How to Decide Where to Apply for Graduate School

With so many advanced degree options, it can be difficult to narrow down your list of potential schools and choose the ones that are actually the best fit. Here are some tips to get you started.

Debby C.

By Debby C.

Posted March 13, 2024

Table of Contents

So, you’ve decided to apply to graduate school. A difficult decision most applicants face is trimming down the list of potential schools to the ones that are most right for you; those that align with your academic interests and career goals. It’s important to take into account both what the applicant is looking for from a graduate program as well as what the program offers.

In addition to an applicant’s personal motivations, other factors like ranking, geographic location, and cost of attendance can also sway the decision. Below are several of the most important things to consider when creating and finalizing your list of schools to apply for.

Important Factors to Consider


US graduate school rankings are done at the department level. Many organizations, like the US News & World Report, produce both university and department rankings and you’ll want to understand how these evaluations take place. In other words, rankings should be unbiased and reflect actual data provided by the universities and/or government agencies. Be skeptical of rankings where universities are promoted or shown as top-ranked with no data to support the claim. This is often a marketing tactic where schools have paid to promote their programs. Reputable sources for graduate school rankings include organizations such as the US News & World Report, The Princeton Review, and Forbes (among many others).


Another factor to consider is the programs’ accreditation. Accreditation ensures that the program’s curriculum prepares graduates for employment or research in a specific field of study. When a program is accredited, a recognized regional/national agency has evaluated and vetted the curriculum. For example, ABET is a certified organization that accredits college and university programs in applied and natural science, computing, engineering, and engineering technology.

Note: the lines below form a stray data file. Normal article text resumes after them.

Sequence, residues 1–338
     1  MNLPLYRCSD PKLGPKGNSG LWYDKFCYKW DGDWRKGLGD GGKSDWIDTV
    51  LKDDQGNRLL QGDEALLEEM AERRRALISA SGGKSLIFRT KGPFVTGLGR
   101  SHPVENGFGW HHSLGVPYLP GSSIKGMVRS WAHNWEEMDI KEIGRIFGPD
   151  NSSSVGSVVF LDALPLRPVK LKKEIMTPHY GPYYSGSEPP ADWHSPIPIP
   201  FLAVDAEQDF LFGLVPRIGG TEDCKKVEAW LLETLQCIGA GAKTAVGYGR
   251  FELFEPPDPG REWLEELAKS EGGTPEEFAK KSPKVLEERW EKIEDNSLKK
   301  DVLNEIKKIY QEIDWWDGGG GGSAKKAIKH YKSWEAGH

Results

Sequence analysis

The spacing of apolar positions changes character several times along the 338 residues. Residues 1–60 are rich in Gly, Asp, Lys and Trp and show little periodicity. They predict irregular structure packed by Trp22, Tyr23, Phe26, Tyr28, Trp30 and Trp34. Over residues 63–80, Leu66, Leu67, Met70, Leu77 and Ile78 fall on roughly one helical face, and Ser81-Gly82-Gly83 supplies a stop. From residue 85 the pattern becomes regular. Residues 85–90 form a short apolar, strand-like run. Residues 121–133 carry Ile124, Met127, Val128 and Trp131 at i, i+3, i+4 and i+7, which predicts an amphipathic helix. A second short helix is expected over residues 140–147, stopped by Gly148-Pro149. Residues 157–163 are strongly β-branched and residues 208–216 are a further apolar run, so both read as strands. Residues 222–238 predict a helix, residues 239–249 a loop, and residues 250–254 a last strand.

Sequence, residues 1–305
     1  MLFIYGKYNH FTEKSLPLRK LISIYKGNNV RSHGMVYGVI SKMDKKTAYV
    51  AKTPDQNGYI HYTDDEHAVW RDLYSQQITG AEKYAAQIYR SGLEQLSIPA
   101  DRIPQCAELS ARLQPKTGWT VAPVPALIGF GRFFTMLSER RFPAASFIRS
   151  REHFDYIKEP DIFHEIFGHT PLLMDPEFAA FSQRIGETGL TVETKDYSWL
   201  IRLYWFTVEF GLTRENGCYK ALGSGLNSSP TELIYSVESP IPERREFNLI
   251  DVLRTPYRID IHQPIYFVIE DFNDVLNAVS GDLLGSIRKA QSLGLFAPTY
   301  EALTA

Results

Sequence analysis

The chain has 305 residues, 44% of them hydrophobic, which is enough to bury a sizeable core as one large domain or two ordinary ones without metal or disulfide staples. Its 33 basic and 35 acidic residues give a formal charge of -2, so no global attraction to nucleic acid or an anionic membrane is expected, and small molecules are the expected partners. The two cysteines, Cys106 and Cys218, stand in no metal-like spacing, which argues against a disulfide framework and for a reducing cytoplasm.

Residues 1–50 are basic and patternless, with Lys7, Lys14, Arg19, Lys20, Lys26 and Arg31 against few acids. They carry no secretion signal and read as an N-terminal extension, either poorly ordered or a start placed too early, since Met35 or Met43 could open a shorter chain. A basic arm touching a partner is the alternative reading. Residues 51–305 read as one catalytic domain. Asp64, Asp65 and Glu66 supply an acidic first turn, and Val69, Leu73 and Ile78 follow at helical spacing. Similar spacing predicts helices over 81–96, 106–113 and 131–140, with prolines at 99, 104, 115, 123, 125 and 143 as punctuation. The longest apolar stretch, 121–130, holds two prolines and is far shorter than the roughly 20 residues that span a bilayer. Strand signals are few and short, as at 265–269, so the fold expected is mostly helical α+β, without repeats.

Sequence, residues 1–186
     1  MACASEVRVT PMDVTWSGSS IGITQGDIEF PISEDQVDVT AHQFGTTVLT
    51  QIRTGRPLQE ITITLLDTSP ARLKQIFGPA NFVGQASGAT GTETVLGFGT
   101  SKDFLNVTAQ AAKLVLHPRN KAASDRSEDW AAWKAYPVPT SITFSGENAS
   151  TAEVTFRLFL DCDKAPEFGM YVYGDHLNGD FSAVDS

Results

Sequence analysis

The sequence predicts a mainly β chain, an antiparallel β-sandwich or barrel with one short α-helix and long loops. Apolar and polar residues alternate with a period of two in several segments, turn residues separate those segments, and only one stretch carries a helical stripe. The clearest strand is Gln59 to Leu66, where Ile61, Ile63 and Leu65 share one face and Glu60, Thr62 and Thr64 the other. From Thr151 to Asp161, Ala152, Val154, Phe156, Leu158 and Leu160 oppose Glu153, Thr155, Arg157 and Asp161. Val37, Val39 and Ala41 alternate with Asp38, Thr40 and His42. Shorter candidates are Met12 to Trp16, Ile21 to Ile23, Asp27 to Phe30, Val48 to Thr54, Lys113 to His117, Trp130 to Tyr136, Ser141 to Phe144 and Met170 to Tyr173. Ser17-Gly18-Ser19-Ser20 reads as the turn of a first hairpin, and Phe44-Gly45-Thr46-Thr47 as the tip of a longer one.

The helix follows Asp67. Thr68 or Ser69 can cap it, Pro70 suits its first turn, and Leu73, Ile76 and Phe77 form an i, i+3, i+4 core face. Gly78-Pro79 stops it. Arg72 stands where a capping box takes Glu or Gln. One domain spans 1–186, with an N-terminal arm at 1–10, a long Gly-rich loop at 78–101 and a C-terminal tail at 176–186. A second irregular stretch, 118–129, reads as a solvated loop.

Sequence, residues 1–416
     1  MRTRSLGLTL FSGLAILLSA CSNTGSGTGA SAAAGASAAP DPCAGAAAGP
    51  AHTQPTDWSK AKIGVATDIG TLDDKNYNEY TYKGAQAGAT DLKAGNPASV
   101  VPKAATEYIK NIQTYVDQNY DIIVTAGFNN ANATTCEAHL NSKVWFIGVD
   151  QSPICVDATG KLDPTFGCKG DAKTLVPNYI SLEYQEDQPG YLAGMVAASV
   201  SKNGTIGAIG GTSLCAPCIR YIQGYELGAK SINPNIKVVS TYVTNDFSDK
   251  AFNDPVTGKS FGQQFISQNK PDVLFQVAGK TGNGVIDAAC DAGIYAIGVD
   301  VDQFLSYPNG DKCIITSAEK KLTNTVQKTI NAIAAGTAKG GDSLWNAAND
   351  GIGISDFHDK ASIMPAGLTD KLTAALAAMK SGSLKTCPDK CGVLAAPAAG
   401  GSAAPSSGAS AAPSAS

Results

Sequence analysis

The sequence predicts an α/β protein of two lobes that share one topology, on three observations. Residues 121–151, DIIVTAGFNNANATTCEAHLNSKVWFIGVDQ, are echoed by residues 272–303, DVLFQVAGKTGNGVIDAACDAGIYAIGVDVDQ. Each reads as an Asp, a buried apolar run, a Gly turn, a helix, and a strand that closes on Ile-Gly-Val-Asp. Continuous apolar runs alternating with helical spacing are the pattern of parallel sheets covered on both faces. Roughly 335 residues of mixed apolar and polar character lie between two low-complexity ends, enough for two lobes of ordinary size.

Most schools will have accreditation information on their website in their “About” section or at the bottom of their landing web page. Since all accrediting agencies must be recognized by the Department of Education or the Council for Higher Education Accreditation, you can search these websites to ensure the programs and schools you’re considering meet accreditation standards.

Geographic Location

Most graduate programs last for at least a year, if not quite a bit longer. For that reason, the school’s location should be factored into the decision. Do you want to attend a graduate program in a specific country, state, or city? Do you prefer a campus in an urban or suburban area? Do you want to be close to family or a current/prospective employer? Use these questions to guide your list, but, how highly location is prioritized will depend on personal circumstances.


Nowadays, there are many more types of programs available. If you want to get an advanced degree while also working full-time, that’s now possible with part-time programs. If you can’t move to a new city, online programs will allow you to still attend classes. Maybe you are looking for programs that provide synchronous or asynchronous classes. If these circumstances are applicable to you, additional research will be required to figure out which hybrid, online, or part-time programs are the best fit for you.

Size of School, Department, and Cohort

For some people, the size of the program is a priority. How important is it to you that you get close and frequent contact with instructors? Class sizes affect interactions with both professors and students, and may affect how you feel you’ll learn in a given environment. Sizes of cohorts will also give you an indication of the competitiveness of the program. Smaller cohorts are typically more sought after and as such, are more competitive.


Tuition is usually one of the most significant factors for people considering graduate school. Look at the tuition schedules for public and private schools that you’re interested in to get a more comprehensive view of the cost of attendance. Tuition is often much more affordable at in-state schools than out-of-state.

And, although out-of-pocket costs are an important consideration in school selection, you also want to ensure that the program will provide value for the money you spend there. In other words, what is the quality of teaching and research at the schools you’re applying to? What is the graduation rate, how many graduates find employment in their field of study, and what are the average post-graduation compensation levels? Most graduate programs have this information readily available online.

How Many Schools Should You Apply To?

The students I have worked with typically apply to an average of eight master’s programs. If you’re applying to doctoral programs, you should cast a wider net and consider applying to at least ten schools given the competitive nature of these programs. Keep in mind that each school will have its own application portal and application fee.

Final Note

If you’d like support while creating your list of schools to apply for, reach out to me. We’ll work together to evaluate your personal and professional aspirations, review the options, and find the ones that are the best fit for you. Book a free intro call on my profile to get started.

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